Society has found a way to coin a word -Artivism – for art curated to make a difference in society. With art being intrinsically diverse, creatives with a passion to influence positive societal change, can make a mark with the help of their unique Identity any gift. Ijeoma Ossi is one of such artists speaking up on issues that require change on a national and global level.
With a background in law, human rights, and a unique blend of art, her work stands as a source of inspiration to many, one that is worth celebrating.
In this interview, Ijeoma shares what she has been up to since we last caught up with her, and other interesting things about her work and life in general.
Hi Ijeoma, it’s been about 6 years since our last interview. Wow, time flies fast. Can you give us a brief breakdown of your journey as a creative in the past 6 years?
Oh wow, it feels like yesterday! I’ve made several pivots in both my art and law careers. I’ve illustrated 3 picture books and a graphic novella, produced infographics for 3 NGOs across the continent, and several illustration/design projects in between. I’ve also worked as a lecturer in international relations and law at a private university. Right now, I’m fully freelancing as an illustrator and graphic designer. I’m still in touch with my mentor from when I was an FCG mentee; we’ve become really good friends and she’s doing wonders in her own career.
Wow! So much has indeed happened. What’s your biggest take away from the past 6 years?
Honestly the path has been anything but linear. As a creator, you have to be open to a wide range of possibilities, especially the hard or boring parts. Another thing is the importance of not being ‘nice’ in business. Price your work properly and be firm; people will take advantage of you otherwise. Learn about contract terms and intellectual property, especially in the era of AI. Marry the right person (SUPER important). My husband gives me unquantifiable support in all I do, and he believes in me even when I don’t believe in myself. He’s the best gift I could wish for!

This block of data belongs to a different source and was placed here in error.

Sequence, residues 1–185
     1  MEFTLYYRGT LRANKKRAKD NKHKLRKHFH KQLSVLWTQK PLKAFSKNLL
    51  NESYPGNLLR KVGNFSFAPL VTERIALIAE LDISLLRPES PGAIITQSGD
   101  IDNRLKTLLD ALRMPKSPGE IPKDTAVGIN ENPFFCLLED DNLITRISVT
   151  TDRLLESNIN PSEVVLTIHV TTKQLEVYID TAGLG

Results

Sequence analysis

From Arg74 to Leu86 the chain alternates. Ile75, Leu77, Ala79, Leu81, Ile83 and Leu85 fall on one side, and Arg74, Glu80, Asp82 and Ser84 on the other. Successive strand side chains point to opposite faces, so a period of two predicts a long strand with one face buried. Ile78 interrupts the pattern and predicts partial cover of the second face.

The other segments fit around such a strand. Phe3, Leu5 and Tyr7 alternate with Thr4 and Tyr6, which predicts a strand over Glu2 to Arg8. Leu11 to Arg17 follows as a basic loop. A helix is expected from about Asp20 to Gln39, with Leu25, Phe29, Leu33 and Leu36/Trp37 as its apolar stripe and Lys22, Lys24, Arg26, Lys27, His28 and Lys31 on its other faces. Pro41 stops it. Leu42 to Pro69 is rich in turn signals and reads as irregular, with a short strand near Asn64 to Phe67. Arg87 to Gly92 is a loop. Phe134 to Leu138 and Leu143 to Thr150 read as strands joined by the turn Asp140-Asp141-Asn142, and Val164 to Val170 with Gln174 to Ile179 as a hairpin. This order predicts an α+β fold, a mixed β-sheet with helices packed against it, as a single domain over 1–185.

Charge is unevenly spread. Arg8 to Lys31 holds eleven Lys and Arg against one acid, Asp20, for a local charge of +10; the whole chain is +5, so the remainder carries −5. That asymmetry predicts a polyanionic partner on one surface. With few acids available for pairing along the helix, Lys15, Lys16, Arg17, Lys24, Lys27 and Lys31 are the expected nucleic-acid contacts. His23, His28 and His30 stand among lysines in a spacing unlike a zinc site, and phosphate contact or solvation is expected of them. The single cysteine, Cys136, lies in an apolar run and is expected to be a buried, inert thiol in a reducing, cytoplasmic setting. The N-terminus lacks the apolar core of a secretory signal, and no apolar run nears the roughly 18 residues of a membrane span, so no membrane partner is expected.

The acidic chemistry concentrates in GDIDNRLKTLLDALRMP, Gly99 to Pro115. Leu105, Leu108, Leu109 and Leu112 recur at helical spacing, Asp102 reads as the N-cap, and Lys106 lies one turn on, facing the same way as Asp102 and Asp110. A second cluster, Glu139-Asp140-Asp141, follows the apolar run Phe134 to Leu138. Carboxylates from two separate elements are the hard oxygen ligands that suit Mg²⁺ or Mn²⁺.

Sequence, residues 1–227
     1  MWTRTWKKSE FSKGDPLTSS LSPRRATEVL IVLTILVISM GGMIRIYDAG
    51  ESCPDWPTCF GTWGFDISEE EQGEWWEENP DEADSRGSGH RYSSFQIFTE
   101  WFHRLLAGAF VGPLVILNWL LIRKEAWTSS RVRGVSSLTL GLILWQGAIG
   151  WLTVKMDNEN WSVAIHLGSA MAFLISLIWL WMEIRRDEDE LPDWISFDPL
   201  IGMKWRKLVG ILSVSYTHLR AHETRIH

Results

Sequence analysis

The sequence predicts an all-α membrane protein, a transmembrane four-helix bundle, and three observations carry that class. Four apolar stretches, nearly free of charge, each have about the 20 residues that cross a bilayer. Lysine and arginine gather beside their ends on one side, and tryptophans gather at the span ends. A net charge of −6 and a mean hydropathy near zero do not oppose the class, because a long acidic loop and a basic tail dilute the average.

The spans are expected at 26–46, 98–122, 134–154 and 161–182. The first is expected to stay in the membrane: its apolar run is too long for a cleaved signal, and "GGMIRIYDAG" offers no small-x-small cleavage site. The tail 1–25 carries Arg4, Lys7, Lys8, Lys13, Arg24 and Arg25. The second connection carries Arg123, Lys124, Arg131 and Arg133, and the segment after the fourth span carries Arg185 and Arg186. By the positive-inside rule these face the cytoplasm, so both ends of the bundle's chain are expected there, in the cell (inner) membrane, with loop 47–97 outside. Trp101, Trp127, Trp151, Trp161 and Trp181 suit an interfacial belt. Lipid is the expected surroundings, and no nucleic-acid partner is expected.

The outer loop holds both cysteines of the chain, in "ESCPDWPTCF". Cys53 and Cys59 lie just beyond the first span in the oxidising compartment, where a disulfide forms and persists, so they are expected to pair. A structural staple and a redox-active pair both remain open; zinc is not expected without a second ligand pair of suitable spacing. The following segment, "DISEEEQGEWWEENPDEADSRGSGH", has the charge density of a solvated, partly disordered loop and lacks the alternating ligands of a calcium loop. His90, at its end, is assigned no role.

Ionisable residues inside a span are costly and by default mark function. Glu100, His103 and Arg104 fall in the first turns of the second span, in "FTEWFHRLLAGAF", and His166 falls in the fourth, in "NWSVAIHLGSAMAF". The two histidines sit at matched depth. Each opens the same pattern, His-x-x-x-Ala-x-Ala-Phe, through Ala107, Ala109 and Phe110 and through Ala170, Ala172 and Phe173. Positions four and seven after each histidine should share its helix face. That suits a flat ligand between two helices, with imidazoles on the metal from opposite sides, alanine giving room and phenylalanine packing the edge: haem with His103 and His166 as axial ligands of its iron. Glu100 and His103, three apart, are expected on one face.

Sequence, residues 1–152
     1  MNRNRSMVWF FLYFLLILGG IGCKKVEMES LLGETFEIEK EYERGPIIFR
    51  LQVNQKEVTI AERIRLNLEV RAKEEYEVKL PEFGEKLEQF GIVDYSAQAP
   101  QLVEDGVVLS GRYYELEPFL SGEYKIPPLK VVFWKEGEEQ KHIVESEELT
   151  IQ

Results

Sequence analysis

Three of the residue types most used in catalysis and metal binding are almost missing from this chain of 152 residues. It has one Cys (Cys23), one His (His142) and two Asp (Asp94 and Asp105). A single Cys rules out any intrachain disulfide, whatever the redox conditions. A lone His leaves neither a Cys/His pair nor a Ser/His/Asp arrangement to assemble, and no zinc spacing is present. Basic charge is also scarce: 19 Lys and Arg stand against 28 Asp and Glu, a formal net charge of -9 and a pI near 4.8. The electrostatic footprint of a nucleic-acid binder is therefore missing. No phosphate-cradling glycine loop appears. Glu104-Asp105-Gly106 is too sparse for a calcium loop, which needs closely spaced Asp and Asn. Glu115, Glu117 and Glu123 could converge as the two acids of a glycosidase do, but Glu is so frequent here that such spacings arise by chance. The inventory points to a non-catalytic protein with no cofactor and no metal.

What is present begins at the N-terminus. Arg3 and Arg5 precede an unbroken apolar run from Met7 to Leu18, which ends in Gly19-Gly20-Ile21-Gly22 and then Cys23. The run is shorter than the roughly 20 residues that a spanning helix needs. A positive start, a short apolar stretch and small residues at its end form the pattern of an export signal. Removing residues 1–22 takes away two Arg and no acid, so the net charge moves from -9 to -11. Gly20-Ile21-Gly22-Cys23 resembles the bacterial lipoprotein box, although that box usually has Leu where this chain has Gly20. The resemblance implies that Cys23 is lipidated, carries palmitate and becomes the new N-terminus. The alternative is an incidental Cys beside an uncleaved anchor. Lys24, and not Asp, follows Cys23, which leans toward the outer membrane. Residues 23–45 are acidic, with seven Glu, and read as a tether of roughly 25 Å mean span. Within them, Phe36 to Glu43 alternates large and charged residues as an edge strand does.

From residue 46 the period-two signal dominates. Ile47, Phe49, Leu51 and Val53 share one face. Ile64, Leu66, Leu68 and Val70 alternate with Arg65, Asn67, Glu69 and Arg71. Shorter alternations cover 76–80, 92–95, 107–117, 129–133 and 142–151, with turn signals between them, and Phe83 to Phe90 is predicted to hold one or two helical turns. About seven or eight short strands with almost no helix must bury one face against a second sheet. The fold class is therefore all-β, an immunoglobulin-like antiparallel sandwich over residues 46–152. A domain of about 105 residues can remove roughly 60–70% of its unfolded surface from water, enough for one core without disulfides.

Your works are unique and awesome of course. But what drew us to your Illustrations again is your comic about police brutality in Nigeria. Can you share with the community the background story of this comic?
The End SARS period was a very difficult time for young people in Nigeria. We were fighting a just cause and were united for the 1st time in decades, but the system hit back hard. Drawing that comic was a way for me to counter my own feelings of helplessness and spread the word to my audience. I’ve always seen comics as a great format for presenting complex issues, and in June this year, I presented on this at Cambridge’s CRASSH: Comics and the Global South.
A lot of your works have strong cultural tones, how do you think they have influenced or can influence societal norms or anomalies?
Art imitates life and vice versa. Part of my motivation is building self-esteem and addressing the inferiority complex that comes with being surrounded by Western influences. To do that, I create and post artwork from personal visual development projects on African mythology and folklore, drawing attention to who we are, who we were, and who we can still be. With a larger platform and more artists, we could influence a younger generation to stand taller among their peers.
Considering your background in law and human rights, where do you think politics and art intersect?
The two are inevitably bound as seen in the works of caricaturists, musicians like Fela, graffiti, protest flash mobs, and other artistic expressions. Dictators often go after artists because one scathing cartoon can demystify them, destroying the fear they’ve cultivated in the populace. I’ve worked in NGOs where I’ve had to tone down or edit out certain aspects of my illustrations because we could get in trouble with the authorities. Art also serves educational purposes; a lot of civil organizations are putting up infographics to educate people on the electoral process, and how to recall errant representatives. I think those are amazing initiatives and I’m thinking of doing something similar.
Where do you see your journey as a creative evolving to in the next six years?
I’ve recently moved to a new country so my perspective and goals have been realigned a bit. But I am still aiming to work in publishing, animation and comics/graphic novels. In the meantime, I am merging my background and skills into producing valuable content for illustrators, designers and other creatives, so stay tuned!
I truly appreciate the work FCG is doing to push creative girls to their highest potential, and I hope your platform continues to thrive!
Awwnn thank you Ijeoma!
You can check out more of Ijeoma Ossi’s work through the links below